And in the non-SIFF world, there's Francois Ozon's In the House, the highly effective Filipino kidnapping thriller Graceland, and the cliche-ridden mob film The Iceman, plus all them StarTrekIronManGreatGatsbyblockbusters.
Full film info here.
For the next three weeks, Short Film Fridays will feature work by directors who are participating in the current Seattle International Film Festival. The first film in this series is a music video made in 1994 by the Seattle-based director Josh Taft. The music video is for one of the most important tracks in the history of hiphop, Nas’s “The World Is Yours.” The world premiere of Josh Taft’s first feature, Alive and Well, a documentary about people dealing with Huntington’s disease, happens at SIFF Cinema Uptown on May 22nd (7:00 pm).
SIFF has a dozen or so movies about food, or farming, or fruit, or wine, etc. this year, and of the ones that we were able to screen by press time, we REALLY liked four (good job, SIFF!).
After Winter, Spring
Is there anything cuter than a farmer rubbing the fuzzy face of an hour-old calf, asking, "Is there anything cuter than this?" Yes: when the farmer and the calf and the question are all French, as is the case in this achingly lovely documentary about family farming in the Périgord. Shot over the course of a year, it's so pretty, it's ridiculous, and the people—from the idealistic couple starting a tiny organic operation to the 88-year-old vintner/philosopher—are marvelous. Facing tough times, they love their animals and their land with inspiring hope. Also featured: a famous foie gras farm, cast in a human and arguably humane light. (BETHANY JEAN CLEMENT)
Harvard Exit, Sun, May 19, 4 pm
SIFF Uptown, Mon, May 20, 8:30 pm
Inspired by reading The Grapes of Wrath and wanting to get his hands dirty, an overeducated white East Coast Yale grad heads out to Oregon to work in the apple orchards. Based on a David Sedaris essay from Naked, the story begins on the long-haul bus ride, where "Samuel" (his new identity) is accosted by a parade of weirdos. At the farm, he has trouble connecting with anyone and he is comically unprepared to exist in the real world. Will Samuel find happiness in the simple things instead of overanalyzing and sneering at everything? Or will he run back to his old life? Thanks to the film's wonderful performances and entertaining dialogue, you'll have a perfectly good (if not revelatory) time finding out. (GILLIAN ANDERSON)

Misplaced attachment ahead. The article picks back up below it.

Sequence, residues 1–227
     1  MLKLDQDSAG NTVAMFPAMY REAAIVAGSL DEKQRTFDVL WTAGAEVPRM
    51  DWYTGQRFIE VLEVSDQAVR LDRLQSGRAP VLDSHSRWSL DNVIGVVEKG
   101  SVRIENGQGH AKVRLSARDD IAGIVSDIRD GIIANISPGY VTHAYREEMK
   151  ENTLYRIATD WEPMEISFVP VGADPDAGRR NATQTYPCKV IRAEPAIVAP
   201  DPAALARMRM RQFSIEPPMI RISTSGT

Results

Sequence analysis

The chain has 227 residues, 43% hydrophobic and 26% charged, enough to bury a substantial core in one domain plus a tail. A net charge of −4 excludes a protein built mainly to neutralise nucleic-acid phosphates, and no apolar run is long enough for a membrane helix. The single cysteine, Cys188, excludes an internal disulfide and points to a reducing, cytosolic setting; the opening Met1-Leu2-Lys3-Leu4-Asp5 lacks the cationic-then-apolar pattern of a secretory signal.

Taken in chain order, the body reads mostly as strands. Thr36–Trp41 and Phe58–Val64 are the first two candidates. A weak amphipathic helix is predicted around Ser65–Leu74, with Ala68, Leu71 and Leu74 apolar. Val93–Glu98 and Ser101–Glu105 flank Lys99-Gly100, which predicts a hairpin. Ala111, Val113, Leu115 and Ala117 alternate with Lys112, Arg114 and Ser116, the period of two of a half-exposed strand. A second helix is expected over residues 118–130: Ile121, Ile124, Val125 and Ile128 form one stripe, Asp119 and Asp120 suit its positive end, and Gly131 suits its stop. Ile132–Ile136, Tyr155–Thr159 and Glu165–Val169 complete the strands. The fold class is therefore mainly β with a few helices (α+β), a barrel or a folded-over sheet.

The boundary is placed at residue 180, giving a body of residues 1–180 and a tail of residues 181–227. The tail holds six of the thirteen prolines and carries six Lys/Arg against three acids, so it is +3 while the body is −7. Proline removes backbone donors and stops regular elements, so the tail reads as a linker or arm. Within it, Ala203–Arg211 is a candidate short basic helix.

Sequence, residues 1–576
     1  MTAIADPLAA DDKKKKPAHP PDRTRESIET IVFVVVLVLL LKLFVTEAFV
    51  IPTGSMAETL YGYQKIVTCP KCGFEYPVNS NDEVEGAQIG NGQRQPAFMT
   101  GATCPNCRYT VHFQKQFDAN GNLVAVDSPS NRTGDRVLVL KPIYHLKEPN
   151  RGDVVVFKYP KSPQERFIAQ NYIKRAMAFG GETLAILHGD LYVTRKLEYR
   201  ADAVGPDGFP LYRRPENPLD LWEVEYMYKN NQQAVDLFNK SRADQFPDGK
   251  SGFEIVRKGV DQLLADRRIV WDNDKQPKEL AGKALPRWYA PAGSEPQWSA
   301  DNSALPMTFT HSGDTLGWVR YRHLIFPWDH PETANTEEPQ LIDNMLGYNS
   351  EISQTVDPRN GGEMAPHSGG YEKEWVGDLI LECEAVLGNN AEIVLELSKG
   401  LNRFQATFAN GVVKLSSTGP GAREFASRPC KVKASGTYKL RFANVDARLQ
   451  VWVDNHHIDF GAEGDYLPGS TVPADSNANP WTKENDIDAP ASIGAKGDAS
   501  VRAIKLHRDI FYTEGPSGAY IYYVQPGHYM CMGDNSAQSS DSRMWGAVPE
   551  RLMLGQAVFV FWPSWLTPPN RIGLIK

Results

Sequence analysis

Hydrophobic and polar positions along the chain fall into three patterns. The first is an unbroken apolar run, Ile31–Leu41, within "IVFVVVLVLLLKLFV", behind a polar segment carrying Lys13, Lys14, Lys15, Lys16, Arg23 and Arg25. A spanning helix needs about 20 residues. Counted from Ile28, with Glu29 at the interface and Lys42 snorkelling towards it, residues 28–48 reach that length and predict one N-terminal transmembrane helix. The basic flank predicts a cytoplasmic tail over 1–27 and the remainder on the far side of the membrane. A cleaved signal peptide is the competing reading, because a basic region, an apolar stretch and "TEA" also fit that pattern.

Egyptian, Fri, May 24, 4 pm
Egyptian, Sun, May 26, 7 pm
Renton, Mon, May 27, 6 pm
Tonight the Seattle International Film Festival invites you to get out of town, with a free, 15th-anniversary screening of Smoke Signals—the first feature film written, directed, and co-produced by Native Americans, with a script by Stranger columnist/Stranger Genius Award winner Sherman Alexie—tonight at Snoqualmie Casino. (Bonus: cast members Elaine Miles, Evan Adams, and Michelle St. John will be in attendance!)
Full info here.
(Much Ado About Nothing was the Opening Night Gala film selection at SIFF tonight. It won't be screening again during the festival, but it opens
nationwide in New York and Los Angeles on June 7th and in Seattle on June 21st, so if you missed out tonight, you'll be able to see it soon.)
This movie is a classic example of the they’re-sure-having-fun-up-there concept of entertainment. It was filmed in a matter of days at director/adaptor Joss Whedon’s own house, with actors who are all his friends, in cheap black and white on digital cameras. (Whedon famously conducts after-work readings of Shakespeare with the casts of his television shows and films, so he had plenty of practice.) And you know what? Everybody sure does look like they’re having fun up there, to the point where you want to forgive the film’s obvious flaws just because you feel like you’re an invited guest at an intimate dinner party.
This horny, very funny staging of Much Ado About Nothing is set in an opulent modern-day estate during a wedding, when distant friends and family gather together because they have to. It’s a cozy affair, and the actors are all practically flirting with Shakespeare’s language (standouts include Clark Gregg, who wins this affable movie’s coveted Most Affable award; Nathan Fillion, who feasts on his small comic-relief role; and Amy Acker as a strong, confident Beatrice). There’s some silly physical comedy, willful deception on a large scale, and, because Much Ado is arguably the world’s first rom-com, every major player makes one asshole move that seems totally out of character. (Blame the writer for that last one.)